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Mystery investigation specialist EQ Studios “All our murder scenes are fictional”

It may have been born out of necessity, but after two successful murder mystery games EQ Studios can now be considered somewhat of a specialist in this particular genre. Still, Fery Tomi, Director of the Las Vegas based studio, wants to keep all options open for the next project. “Although the mystery investigation genre is a strong contender, we are open to other game ideas as well.”

The reason EQ Studios focused on murder mysteries is that when the team started back in 2013, they felt their choices were limited. “We were short on talent and experience”, says Tomi. “Rather than being too ambitious, we decided to find a comfortable genre and work within our strengths.” This decision gave rise to The Painscreek Killings, a walking simulator detective game with a strong narrative focus. “We started with something small – to find out the identity of the killer. But over the course of development, the narrative grew. This led to a total of seventeen fully fleshed-out NPCs scattered across an entire village.”

Ideas for the game’s content were inspired mainly from movies and TV shows, while the game designs came from the games the team loves to play, like Everquest for the open world concept and The Vanishing Hitchhiker for the atmosphere. “All the murder scenes are fictional”, assures Tomi. The Painscreek Killings uses a ‘breadcrumb’ system for its gameplay, one that allows players to continue their investigation whenever they pick up a clue.

Keen observation

The recently released second title Scene Investigators on the other hand, leans heavily on keen observation, filling in the missing gaps, looking for motives when they aren’t there, and coming up with a number of hypothesis testing in order to solve the case. Presented as a test, players have to solve a set of preconstructed crime scenes to become a licensed investigator. “For Scene Investigators, we had different designers designing the case files”, explains Tomi. “Some started from a puzzle standpoint. Others started with a theme. We welcomed the different ideas and incorporated them into the full game.”

Reflecting on the development process, Tomi acknowledges the challenges of guiding young team members tasked with creating their own game design. “There isn’t one solution to everything, but we try to do the right thing, have patience, be open and honest with each other”, he says. Nurturing a collaborative mentality and prioritizing the team over individual pride emerged as crucial lessons learned during development.

The 70/30 Formula

Tomi underscores the significance of people as the best investment in the industry. “It’s the hardest to do, yet most rewarding at the same time,” he reflects. “When they go through thick and thin with you over the years, and despite all the difficulties and obstacles, you can’t help but feel grateful to them.”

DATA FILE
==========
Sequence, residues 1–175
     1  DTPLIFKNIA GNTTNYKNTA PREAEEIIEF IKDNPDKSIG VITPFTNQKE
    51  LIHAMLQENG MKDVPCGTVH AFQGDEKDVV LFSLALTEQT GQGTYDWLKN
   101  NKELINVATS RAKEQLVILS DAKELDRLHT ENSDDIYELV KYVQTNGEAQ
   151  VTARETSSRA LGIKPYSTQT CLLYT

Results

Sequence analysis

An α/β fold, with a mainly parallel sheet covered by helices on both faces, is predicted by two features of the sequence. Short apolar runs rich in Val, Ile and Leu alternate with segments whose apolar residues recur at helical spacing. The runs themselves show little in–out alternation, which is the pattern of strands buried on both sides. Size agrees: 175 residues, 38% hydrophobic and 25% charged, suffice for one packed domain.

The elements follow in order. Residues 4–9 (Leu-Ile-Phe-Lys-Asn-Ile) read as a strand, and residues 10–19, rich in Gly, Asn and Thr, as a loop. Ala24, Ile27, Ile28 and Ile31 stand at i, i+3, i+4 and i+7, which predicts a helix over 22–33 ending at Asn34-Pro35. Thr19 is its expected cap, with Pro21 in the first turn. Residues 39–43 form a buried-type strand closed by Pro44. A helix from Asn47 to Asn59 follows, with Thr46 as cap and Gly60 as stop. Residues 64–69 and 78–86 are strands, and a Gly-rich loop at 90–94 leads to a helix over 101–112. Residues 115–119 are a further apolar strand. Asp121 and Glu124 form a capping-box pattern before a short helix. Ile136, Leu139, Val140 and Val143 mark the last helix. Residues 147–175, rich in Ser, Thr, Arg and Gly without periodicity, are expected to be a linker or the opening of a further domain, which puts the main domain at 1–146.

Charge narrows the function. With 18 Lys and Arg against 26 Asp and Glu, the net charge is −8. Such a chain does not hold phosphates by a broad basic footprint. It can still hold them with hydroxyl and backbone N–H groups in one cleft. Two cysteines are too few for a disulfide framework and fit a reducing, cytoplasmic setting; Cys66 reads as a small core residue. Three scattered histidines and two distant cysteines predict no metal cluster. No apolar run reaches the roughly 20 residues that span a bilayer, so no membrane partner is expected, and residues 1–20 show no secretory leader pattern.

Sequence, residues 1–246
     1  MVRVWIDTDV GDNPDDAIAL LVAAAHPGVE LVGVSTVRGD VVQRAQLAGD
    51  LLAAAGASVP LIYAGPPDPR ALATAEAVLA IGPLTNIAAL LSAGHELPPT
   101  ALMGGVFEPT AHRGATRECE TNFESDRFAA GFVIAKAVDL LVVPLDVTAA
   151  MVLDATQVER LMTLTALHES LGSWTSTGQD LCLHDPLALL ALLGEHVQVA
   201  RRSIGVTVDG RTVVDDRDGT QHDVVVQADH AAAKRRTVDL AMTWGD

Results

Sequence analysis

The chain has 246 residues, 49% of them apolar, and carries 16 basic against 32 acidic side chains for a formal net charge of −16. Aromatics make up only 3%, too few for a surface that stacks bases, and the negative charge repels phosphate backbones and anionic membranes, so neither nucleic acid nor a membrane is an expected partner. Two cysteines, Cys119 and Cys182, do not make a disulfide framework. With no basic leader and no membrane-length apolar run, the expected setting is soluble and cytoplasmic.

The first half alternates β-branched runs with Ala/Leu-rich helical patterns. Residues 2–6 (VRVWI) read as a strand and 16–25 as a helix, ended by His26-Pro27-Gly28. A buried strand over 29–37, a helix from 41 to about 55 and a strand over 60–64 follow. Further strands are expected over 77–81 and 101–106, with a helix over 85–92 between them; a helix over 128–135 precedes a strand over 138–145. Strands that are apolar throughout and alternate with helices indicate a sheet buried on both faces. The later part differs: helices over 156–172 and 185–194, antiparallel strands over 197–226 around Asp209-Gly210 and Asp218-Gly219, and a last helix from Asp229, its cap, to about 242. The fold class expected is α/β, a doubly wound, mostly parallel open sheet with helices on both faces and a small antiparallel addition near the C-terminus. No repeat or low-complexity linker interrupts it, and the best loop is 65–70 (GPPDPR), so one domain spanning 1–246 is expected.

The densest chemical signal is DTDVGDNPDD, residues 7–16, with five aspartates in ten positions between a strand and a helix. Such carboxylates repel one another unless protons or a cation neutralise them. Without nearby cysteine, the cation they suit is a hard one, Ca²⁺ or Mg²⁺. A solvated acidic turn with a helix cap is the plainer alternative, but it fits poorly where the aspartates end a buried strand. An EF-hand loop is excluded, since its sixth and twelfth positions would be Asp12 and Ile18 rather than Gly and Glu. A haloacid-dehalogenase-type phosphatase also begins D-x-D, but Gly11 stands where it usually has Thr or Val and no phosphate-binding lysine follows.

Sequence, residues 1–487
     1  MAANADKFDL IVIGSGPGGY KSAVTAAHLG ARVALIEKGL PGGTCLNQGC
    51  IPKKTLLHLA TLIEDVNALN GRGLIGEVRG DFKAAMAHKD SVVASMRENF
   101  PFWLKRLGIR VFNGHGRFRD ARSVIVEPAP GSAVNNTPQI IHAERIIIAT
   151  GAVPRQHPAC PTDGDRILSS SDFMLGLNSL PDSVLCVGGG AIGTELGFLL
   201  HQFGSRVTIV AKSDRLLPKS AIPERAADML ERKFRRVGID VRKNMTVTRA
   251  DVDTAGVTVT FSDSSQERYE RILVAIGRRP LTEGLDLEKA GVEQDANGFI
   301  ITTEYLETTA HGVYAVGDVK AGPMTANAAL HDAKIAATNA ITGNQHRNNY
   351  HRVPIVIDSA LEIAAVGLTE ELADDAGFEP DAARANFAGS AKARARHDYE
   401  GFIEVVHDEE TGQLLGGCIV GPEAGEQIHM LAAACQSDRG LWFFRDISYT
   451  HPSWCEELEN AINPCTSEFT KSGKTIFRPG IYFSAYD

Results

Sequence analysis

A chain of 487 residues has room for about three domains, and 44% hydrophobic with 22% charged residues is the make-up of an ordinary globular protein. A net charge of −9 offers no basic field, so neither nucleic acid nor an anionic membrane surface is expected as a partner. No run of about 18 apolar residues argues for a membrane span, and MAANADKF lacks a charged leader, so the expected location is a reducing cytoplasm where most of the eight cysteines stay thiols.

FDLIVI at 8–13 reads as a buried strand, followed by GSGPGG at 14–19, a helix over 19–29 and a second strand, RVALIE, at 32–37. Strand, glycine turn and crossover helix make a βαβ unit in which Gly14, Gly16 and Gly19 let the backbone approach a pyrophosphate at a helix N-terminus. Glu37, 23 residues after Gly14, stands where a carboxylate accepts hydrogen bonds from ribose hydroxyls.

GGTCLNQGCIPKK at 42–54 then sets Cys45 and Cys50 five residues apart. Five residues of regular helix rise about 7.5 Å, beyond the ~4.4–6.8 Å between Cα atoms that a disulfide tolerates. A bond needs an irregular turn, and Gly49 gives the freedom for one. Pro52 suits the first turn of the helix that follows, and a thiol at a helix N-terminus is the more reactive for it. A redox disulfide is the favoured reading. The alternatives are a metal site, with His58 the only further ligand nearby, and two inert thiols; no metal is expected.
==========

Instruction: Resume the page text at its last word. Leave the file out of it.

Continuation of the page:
The key feature of Scene Investigators is the 70/30 formula, or hypothesis testing. This feature is designed in a way where 70% of the evidence might be presented in the crime scene, but the other 30% are nowhere to be found. As an investigator, players will have to fill in the missing gaps, trust their gut-feelings and make smart, calculated assumptions. This feature differentiates Scene Investigators from other detective-type puzzle games, and caters strongly for true crime lovers.

Packed throughout

While both games are single player only, the team recommends playing them together with a friend. Tomi explains: “When we showcased Scene Investigators at PAX East, we had a live setup demo that was packed throughout the four days. Participants were really enjoying themselves, sharing and cross-referencing their deductions with one another to solve the cases. During our in-house play-tests, we also realized that if there’s someone we could share our investigation with, they might spot the mistakes we made in our deductions, thus allowing us to progress further towards solving the game.” 

Work on Scene Investigators is still going on, according to Tomi. “At this moment, we are listening to the community feedback and see how we can improve the game so more people can enjoy it.” But the team is also looking for that next project. “The launch of Scene Investigators is currently able to keep us moving forward, and we are grateful for that. We have multiple ideas but a small crew, so we have to consider which game project to go for. Although the mystery investigation genre is a strong contender, we are open to other game ideas as well.”

Eric Bartelson
Eric Bartelson
Editor-in-Chief of PreMortem.Games. Veteran game journalist for over 20 years. Started out in 1999 for game magazines (yes the ones made of paper) such as PC Zone Benelux, PlayNation and GameQuest, before co-founding Dutch industry paper Control Magazine.
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